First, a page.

Karan Casey & Friends,
Seal Maiden, a Celtic Musical
(Music for Little People, 2000)

Seal Maiden tells the timeless Celtic myth of the Silkie, the seal who becomes human when she dwells on the sandy beach during the changing of the tides. After years of yearning for her mother seal and the Atlantic waves, the Seal Maiden marries a young fisherman and gives birth to a son with half seal and half human blood. One day while she's asleep, her son takes his soft, white sealskin, goes down to the beach and disappears into the cold waves.

What a grief for both mother and father, but one day the young boy comes back and returns to his mother her own skin, which she had lost in the ocean so many years ago. Full of joy, both return to the beach, slip into their sealskins and, now a seal again, the Silkie meets her mother and they live together for the rest of their lives. The young boy, though, regularly comes back on land to see his father, while the former Seal Maiden keeps her son's sealskin safe until he returns to the deep blue sea.

This poignant story, well known to many from the movie The Secret of Roan Inish, comes to life with a new and wonderful telling by playwright Marina Carr, hauntingly and beautifully animated by Karan Casey's narration and the accompanying music.

The CD opens with John Spillane's "We're Going Sailing." Casey's sublime singing is accompanied by Mick Daly's fine guitar and Mel Mercier's soft percussion. Niall Vallely lays a smooth carpet of keyboard sounds while Michael McGoldrick's flute adds the airy mood of the wide Atlantic and seems to caress Casey's voice with its beautiful sound. Dezi Donnelly on fiddle plays a fantastic duet with McGoldrick. The next song is a traditional called "The Cradle Song" arranged by Altan's Mairead Ni Mhaonaigh, Daly and Vallely. Ni Mhaonaigh's wonderful voice is accompanied by Daly on guitar and Vallely on low whistle, a lovely song with a Gaelic chorus. McGoldrick adds the background music on the uileann pipes and whistles to Casey's animated storytelling throughout this part of the CD.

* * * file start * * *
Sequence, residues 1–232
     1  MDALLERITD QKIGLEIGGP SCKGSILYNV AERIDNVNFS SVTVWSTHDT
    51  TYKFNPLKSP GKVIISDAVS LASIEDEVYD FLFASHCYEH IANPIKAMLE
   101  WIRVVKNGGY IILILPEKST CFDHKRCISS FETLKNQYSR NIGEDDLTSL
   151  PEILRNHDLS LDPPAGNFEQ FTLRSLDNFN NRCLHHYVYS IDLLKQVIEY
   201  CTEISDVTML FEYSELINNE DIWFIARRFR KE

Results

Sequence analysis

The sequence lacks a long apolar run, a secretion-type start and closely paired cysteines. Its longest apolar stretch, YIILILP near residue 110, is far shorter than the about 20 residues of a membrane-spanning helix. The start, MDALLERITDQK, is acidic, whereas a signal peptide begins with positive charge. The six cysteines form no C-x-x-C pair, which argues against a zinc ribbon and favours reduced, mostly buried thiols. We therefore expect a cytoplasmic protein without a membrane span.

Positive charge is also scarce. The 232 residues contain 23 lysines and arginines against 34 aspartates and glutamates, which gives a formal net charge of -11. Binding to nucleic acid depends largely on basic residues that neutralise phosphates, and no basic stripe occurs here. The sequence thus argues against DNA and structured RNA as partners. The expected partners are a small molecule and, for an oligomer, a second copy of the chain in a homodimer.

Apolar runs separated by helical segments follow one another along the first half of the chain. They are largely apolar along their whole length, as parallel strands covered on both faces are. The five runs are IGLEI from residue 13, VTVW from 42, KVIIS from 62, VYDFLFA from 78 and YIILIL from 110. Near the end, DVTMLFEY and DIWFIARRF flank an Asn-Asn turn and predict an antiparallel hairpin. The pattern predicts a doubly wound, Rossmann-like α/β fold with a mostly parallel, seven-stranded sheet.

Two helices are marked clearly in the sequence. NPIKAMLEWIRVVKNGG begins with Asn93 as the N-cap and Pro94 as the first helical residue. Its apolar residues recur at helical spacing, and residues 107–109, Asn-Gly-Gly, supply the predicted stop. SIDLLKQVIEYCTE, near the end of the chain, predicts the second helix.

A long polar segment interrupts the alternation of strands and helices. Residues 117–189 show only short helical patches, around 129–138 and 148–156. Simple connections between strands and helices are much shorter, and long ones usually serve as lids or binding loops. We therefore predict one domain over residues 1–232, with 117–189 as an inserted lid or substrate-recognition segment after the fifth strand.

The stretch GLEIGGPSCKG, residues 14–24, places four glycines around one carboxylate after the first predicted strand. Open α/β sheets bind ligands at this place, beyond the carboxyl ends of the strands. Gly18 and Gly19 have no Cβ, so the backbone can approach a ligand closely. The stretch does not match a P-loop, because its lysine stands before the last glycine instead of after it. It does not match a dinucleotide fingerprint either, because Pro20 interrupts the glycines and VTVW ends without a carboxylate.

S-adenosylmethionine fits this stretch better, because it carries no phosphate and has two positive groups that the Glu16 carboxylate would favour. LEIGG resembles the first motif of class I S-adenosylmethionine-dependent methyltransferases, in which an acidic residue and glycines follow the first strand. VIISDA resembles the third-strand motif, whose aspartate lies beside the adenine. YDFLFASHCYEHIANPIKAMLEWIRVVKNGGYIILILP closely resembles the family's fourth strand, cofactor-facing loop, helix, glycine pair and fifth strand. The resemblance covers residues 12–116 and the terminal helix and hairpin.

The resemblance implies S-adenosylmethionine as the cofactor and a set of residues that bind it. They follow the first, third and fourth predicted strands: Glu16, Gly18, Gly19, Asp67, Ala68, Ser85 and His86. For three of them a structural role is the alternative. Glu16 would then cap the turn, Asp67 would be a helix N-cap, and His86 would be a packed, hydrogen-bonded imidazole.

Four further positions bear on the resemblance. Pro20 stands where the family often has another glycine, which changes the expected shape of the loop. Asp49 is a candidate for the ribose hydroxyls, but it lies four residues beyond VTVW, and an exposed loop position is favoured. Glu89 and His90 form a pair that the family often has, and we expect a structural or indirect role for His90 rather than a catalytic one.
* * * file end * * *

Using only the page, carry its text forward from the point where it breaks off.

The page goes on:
"The Silkie Song" by Ger Woulfe is another angelic ballad sung by Casey, while on Woulfe's "The Seasons," she enchants the listener with her divine singing. The next song "The Wriggly Eels," written by Casey, is perfectly sung by a chorus of seven girls, as is the traditional tune "The Waves Down in the Ocean" -- it's a stunning a cappella performance discreetly supported by Casey. Then Martin Hayes on fiddle and Dennis Cahill on guitar play an instrumental traditional tune "Port Na bPucai," a sad but beautiful air perfectly expressing the Seal Maiden's yearning for the ocean.

"The Song of the Seal" is a traditional song and is certainly one of my favourites on this CD. Casey's voice makes this hauntingly beautiful melody with a Gaelic chorus a perfect way to show the irresistible beauty of the Seal Maiden. "Taim Cortha Bheith Im Aonar Im Lui" is sung by Iarla O'Lionaird of the Afro Celt Sound System. On the traditional Gaelic song "Seoithin," the guitar and percussion lay a carpet on which Casey's voice dances with the fiddle and flute. "Maidin Aiseach," another Gaelic traditional arranged by O'Lionaird, symbolises the beautiful singing of the Seal Maiden's son.

"The Loony Moon," a fantastic, rhythmic song written by Casey, leads us to the final euphorically beautiful episode of the story, the homecoming of the seal and her reunion with her mother. Spillane's beautiful ballad of mermaids and the ocean closes the story with a reprise.

Seal Maiden is a fantastic journey through a Celtic myth, a pleasure for children as well as for their parents, brilliantly narrated by Casey and accompanied by some of the finest folk musicians in the field. This is an excellent gift for your kids.

- Rambles
written by Adolf Goriup
published 13 March 2004

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